National Emblem Row: Dimensions, viewing angle, make emblem look different, depending on sculptor
Amid the row over alleged distortions of the national emblem sculpture which has been placed on the new Parliament building, one of the two artists who was commissioned to sculpt the Sarnath original in bronze, Sunil Deore , told the Indian Express that the perceived difference in the lions’ expression is due to viewing angle and dimensions. “If you look at the ‘lion capital’ of Sarnath from below, it will look like the emblem of Parliament,” he said.
“It’s only because of scale and dimensions that they seem different…there’s no other factor,” said the 49-year-old artist, who previously created replicas of the Ajanta and Ellora caves. He added, “I didn’t get the contract (for the sculpture) from the government. I received the contract from Tata Project Limited (the company contracted to construct the building) where I had applied and there was a pre-selection process.
Veteran archaeologist BR Mani, former ADG of the Archaeological Survey of India, said: “The Sarnath Pillar was created 2,300 years ago by the best Indian and Iranian sculptors of the time. It was carved in stone, by hand. This one is cast in metal. The angle of view makes it different.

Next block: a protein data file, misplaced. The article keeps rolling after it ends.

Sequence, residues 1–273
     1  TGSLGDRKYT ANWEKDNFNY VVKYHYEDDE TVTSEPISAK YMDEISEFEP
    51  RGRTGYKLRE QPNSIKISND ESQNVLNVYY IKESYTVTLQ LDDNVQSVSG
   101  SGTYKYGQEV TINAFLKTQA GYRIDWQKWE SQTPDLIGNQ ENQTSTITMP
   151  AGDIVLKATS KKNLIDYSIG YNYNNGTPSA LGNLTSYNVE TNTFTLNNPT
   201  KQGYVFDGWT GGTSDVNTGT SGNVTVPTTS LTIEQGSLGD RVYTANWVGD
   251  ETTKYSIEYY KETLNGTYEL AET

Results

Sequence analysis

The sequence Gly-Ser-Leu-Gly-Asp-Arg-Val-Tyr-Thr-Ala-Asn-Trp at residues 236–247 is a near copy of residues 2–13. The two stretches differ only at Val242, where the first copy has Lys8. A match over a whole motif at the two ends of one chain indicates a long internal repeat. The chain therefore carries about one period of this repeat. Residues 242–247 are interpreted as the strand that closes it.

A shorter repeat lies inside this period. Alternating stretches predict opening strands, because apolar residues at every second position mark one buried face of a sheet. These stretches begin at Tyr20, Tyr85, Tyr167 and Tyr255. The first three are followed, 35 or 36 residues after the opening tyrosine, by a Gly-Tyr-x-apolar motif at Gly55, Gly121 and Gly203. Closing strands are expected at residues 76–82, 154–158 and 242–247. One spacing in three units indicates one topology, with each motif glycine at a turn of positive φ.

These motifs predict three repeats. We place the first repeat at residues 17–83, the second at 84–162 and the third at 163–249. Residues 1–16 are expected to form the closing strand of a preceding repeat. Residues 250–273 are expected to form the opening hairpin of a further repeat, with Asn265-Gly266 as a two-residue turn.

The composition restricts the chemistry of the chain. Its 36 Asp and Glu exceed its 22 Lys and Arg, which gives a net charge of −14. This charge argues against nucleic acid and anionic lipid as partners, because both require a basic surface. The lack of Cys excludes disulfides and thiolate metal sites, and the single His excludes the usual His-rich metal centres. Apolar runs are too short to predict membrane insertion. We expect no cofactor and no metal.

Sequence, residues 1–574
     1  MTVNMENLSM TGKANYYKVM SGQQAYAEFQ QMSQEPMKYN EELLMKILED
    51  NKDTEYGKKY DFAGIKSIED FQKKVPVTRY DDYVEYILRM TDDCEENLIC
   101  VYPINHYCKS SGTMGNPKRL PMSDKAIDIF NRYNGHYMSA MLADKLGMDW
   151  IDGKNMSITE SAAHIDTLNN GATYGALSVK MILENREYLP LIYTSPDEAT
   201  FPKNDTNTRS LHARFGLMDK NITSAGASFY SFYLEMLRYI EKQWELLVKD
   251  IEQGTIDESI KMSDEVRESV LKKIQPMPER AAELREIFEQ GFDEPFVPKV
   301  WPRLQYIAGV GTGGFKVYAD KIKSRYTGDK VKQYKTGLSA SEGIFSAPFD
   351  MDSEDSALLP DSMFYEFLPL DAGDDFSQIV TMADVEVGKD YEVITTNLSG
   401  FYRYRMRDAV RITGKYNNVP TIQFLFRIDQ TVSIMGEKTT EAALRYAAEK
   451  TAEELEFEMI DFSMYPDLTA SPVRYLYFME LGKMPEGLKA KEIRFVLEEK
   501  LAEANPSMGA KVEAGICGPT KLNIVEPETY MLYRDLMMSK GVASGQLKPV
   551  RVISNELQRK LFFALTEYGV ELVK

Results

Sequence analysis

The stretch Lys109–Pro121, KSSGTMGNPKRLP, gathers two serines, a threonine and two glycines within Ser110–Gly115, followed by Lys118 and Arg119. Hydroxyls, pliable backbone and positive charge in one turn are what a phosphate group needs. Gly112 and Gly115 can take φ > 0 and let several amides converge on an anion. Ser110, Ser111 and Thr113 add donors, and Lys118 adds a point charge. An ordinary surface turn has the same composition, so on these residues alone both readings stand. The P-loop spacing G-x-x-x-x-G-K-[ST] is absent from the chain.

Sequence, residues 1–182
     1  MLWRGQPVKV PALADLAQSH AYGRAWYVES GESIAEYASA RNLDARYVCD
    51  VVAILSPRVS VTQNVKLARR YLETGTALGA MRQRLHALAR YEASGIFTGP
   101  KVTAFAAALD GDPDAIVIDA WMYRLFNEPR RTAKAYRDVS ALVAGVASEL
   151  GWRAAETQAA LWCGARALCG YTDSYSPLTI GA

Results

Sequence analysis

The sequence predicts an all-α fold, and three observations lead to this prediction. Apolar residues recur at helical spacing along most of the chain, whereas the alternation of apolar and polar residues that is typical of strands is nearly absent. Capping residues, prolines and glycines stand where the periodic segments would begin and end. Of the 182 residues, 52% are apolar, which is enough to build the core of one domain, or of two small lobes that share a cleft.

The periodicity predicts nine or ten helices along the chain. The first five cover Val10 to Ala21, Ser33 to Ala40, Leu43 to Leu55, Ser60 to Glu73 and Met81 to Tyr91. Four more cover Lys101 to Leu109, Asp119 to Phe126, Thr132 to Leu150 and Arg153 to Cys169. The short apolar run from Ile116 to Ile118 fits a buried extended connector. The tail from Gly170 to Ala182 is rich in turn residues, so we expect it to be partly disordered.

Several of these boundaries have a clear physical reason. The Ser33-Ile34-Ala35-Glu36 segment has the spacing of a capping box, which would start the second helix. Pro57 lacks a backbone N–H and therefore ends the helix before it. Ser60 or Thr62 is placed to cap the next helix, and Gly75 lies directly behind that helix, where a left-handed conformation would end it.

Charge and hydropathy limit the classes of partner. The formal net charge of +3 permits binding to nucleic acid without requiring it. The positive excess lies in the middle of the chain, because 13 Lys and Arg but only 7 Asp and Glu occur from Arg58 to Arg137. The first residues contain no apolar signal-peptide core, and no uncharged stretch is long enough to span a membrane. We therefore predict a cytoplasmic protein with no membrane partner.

The national emblem is an adaptation of “Lion Capital” atop the Ashoka Column in Sarnath. It has four Asiatic lions, representing power, courage, pride and confidence, seated on a circular base.
After independence, the task of adapting the Pillar of Ashoka emblem was given to Nandalal Bose, then head of the fine arts department of Kala Bhavan at Visva-Bharati in Bengal. He chose his student Dinanath Bhargava, 21, to make a 3D illustration, which adorned the first page of the handwritten Constitution.